Social Media platforms have become increasingly useful in digital disease surveillance, and for health communication with the public. A team led by Dr. Isaac Chun Hai Fung of Georgia Southern University, identified five categories of information that increased Chinese microblog traffic pertaining to infectious diseases: (1) news of an outbreak or a case; (2) health education / information; (3) alternative health information / Traditional Chinese Medicine; (4) commercial advertisement / entertainment; and (5) social issues.
Chinese microblogs in 2012 regarding 42 infectious diseases were obtained through a keyword search in the Weiboscope database. Qualitative content analysis was performed for the posts pertinent to each keyword of the day of the year with the highest daily count. Similar posts were manually grouped and coded.
“People tweet about infectious diseases for a variety of reasons,” said Dr. Fung. “A peak in a time series of microblog traffic data may not necessarily be related to an outbreak.”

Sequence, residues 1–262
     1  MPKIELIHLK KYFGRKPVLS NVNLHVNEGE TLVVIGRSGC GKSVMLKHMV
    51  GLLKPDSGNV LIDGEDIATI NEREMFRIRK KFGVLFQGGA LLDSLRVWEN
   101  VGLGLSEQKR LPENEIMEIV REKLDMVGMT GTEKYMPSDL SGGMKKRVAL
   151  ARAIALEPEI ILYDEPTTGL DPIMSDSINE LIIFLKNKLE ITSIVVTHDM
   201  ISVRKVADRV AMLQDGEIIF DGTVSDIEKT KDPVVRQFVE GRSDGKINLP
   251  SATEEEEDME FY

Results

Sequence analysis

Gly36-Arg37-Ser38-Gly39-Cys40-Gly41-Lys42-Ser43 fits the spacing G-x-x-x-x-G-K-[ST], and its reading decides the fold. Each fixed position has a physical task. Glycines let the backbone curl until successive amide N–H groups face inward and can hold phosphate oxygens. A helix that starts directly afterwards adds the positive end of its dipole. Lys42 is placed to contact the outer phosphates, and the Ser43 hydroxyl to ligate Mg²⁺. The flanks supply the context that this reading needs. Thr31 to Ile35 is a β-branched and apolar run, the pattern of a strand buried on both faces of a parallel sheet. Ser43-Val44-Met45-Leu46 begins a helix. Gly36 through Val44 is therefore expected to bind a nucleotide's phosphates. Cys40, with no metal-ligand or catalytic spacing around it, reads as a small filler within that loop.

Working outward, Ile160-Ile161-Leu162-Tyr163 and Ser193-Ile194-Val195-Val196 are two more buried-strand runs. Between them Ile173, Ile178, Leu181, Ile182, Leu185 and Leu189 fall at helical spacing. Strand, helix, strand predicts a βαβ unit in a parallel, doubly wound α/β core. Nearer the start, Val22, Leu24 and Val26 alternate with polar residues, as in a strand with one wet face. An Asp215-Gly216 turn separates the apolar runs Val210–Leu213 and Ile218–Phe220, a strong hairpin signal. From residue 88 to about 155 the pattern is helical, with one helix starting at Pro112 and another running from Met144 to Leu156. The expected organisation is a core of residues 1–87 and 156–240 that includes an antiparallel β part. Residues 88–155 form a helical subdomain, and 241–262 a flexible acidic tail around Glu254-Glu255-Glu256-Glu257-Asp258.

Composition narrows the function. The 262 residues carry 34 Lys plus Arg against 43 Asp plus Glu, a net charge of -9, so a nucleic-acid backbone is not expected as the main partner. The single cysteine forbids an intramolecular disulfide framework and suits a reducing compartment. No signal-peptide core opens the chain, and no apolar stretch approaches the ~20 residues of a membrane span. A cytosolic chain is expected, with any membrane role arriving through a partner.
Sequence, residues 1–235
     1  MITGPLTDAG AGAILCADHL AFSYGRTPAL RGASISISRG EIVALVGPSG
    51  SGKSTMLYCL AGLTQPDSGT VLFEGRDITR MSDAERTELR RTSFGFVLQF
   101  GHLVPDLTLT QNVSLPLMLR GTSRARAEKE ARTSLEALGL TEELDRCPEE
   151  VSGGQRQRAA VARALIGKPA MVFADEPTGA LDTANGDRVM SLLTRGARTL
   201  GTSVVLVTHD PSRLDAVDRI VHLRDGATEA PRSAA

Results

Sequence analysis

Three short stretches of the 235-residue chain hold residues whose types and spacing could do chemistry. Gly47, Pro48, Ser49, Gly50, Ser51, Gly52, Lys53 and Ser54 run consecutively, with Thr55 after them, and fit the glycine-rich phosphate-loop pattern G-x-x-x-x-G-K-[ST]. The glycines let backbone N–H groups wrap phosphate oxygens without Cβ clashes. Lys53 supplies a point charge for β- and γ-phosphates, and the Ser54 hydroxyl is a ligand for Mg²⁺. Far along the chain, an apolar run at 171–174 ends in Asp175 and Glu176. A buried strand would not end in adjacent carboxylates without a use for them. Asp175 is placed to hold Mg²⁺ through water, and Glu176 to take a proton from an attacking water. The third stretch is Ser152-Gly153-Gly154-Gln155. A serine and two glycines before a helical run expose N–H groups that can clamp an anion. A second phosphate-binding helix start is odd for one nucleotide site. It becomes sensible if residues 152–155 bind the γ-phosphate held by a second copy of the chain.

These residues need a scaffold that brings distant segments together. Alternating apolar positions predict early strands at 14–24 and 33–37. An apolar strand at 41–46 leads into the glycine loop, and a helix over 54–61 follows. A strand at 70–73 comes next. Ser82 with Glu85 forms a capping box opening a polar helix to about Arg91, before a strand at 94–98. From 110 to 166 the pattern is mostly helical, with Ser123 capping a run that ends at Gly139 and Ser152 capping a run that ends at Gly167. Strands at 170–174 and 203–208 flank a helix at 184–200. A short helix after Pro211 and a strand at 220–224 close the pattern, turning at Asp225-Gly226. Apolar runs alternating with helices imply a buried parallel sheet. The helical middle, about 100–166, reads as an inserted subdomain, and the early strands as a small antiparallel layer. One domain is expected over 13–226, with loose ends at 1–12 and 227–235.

“People may share their favorite herbal recipes for a disease; or they may support a petition to end discrimination against Hepatitis B virus carriers.”
“Whether one’s goal is to detect outbreaks or to educate the public about disease prevention through social media,” said Dr. Fung, “We need to understand what they said on social media about these diseases in the first place.”
“Our study is just a tiny first step to better understand health-related information circulation on Chinese social media environment that is heavily regulated by the Chinese government.”
“Chinese Social Media Reaction to Information about 42 Notifiable Infectious Diseases,” was published in PLOS ONE.
Dr. Isaac Chun-Hai Fung, assistant professor of epidemiology at the Jiann-Ping Hsu College of Public Health (JPHCOPH) at Georgia Southern University, was the lead author. Ms. Yi Hao, Ms. Jingxian Cai, Mr. Braydon James Schaible, graduate students at JPHCOPH; Mr. Yuchen Ying and Dr. Zion Tsz Ho Tse, at The University of Georgia; Miss Cynthia Mengxi Yu and Dr. King-Wa Fu, at The University of Hong Kong were co-authors.